Good Food Blog
Top 10 coffee gadgetsPosted at 12:02PM, 27 April 2012 by Sarah Sysum - Assistant editor, Easy Cook magazine
Are you something of a caffeine addict? Sarah has 'bean' shopping to find the best gadgets to help you with the daily grind...
Krups GVX2 Expert Coffee Grinder
Whilst you can buy cheaper grinders it's really worth investing in a burr grinder if you can. Unlike traditional mills, which chop beans unevenly, the burr system crushes your coffee into thousands of uniformly-sized grains, without overheating, so it preserves the full flavour and aroma of the coffee. This model is pretty quiet and easy to use. I like the way you can set both the amount you grind and the size of grain you want.
BeanVac Coffee Bean Canister
If you can't buy your beans in freshly roasted batches regularly, then an airtight container is the best storage. This canister has a built-in battery-powered pump that sucks the air out of the container - meaning your beans will remain fresher, longer. The pump automatically activates whenever there is a pressure change in the canister, so you can take beans out and the vacuum kicks into action when you shut the lid again.
Coffee Joulies, set of 5
Joulies are a food-safe 'thermodynamic heat storage device' that looks like a coffee bean. Pop one of these into your mug and it will bring it down to a drinkable temperature 3x faster than usual and will keep it there 2x as long. These work particularly well when they're used in conjunction with an insulated mug, as you get the benefits of both heat-saving devices. Of course, if you're an espresso drinker you're not going to really reap the benefits, but if you like to sip your coffee, this is one little gadget worth adding to your collection.
Aerolatte Caffe Porcellana, Black
A traditional Italian style 4-cup espresso maker with an enamelled induction-friendly aluminum base and a porcelain pot that separate from the espresso base so you don't have to take the device to the table. I think the design is reminiscent of more expensive Italian brands. It made a lovely espresso with a thick layer of crema. However do use the coffee pretty swiftly at the little jug does cool down quickly.
Como espresso cup
This is the nearest I've seen to an Illy espresso cup (which retail at around £50 a cup). It has a large base with sides tapering to the top of the cup, which helps, keep heat for longer and allows a thicker layer of crema. For a really good coffee we suggest, as the top barista's do, that you pre-heat your cup before use by running hot water into the cup first, letting it heat up, and dumping the water before brewing into it.
£1.46 (saucer extra), coffeecups.co.uk
Horwood stainless steel milk frother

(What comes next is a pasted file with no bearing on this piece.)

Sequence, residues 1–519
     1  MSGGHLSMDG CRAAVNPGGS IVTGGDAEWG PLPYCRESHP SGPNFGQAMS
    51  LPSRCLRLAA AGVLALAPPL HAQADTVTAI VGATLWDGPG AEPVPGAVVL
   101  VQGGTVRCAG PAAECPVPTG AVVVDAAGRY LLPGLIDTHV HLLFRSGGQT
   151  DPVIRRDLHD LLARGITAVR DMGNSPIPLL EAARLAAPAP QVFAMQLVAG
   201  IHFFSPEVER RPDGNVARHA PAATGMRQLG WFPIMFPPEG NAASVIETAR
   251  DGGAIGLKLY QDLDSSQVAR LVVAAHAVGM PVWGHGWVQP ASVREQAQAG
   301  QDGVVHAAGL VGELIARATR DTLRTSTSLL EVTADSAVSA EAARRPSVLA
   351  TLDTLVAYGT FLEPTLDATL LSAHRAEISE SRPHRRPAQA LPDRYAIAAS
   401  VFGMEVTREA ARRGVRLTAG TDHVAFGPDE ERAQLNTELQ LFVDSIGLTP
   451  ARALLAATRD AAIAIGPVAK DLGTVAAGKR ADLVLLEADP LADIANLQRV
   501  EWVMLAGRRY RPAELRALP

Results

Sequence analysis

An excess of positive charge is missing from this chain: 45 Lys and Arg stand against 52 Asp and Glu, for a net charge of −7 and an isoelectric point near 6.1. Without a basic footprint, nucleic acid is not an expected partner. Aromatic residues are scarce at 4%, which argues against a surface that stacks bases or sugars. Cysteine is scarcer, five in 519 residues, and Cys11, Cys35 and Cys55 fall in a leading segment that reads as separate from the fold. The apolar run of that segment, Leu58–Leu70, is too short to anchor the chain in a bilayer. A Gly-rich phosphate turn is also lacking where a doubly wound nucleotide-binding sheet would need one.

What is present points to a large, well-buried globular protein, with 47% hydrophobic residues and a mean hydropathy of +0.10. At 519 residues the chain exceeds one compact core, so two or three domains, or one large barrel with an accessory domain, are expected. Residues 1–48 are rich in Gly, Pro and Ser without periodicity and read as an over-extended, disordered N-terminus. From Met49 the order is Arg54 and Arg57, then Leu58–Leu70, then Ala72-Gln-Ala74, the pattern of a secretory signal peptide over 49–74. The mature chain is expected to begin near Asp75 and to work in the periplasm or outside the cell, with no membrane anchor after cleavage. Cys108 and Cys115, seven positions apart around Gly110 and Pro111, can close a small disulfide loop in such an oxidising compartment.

This clever jug is designed with a widened base and gradual sloping walls to produce optimal milk froth. I like the stylish design, which has some nice touches including the cool to touch Bakelite-style handle, which keeps your hands away from the steam.
Nespresso® Magimix® M100 Automatic
Confession: I've always been a bit sniffy about pod machines. Thinking they didn't make a decent coffee. This dinky machine has changed my mind. Firstly the capsules are sealed as soon as the bean has been ground, and I was hard pressed to tell the difference between this and coffee made the manual way. Really easy it was to use; pop a pod in and press down and it's good to go. It's easy to clean too. It's worth shelling out the extra for the machine that comes with the Aeroccino milk frother as it's definitely the best electric milk frothing jug on the market.
TFA milk thermometer
If you are planning on frothing your own milk then a milk thermometer is a must. This easy to read thermometer is the one the professionals use. It measures the temperature of the milk and the colour coding indicates when it reaches frothing temperature of between 56°C and 75°C. It comes with a handy clip to fix to your milk jug - a must for latte addicts.
Kitchen Craft Le'Xpress Coffee Measure and Bag Clip, Stainless Steel
A great coffee measurer, firstly because the neck is long enough to reach into the bag without covering your hands with coffee grains, but even more so because the integral clip on the handle seals the bag shut, so no more searching around for a spare clip. The spoon is good quality with quite a strong spring on the clip. Whilst not airtight it holds the bag closed pretty tightly.
Bodum PEBO coffee maker
Science geeks, this one's for you. In this unusual coffee maker, the water is heated in the bottom component, and as pressure builds the water rises and mixes with the coffee grounds. When the ideal temperature of 94°C is reached, the pot is removed from the stovetop and the liquid descends back into the bottom carafe. The result is you get the well-rounded flavour associated with a cafetière without the residual grinds at the bottom.
And if you're looking for coffee...
Sweet, smooth and easy drinking, this will please even the most addicted coffee fiends Climpson & sons decaf Brasil, £5.50/250g, webcoffeeshop.co.uk.
Lovely breakfast coffee with acidity and a touch of nuttiness too. Grumpy Mule Panama Hacienda La Esmeralda, £4.59/227g, grumpymule.co.uk.
By far the best micro-ground (this is a mixture of instant and ground coffee) we've tested; rich, smooth with a proper earthy flavour. If making a proper coffee is just too much work this will fool a lot of hardened coffee drinkers. Carte Noire Instinct, £4.99/100g, Tesco.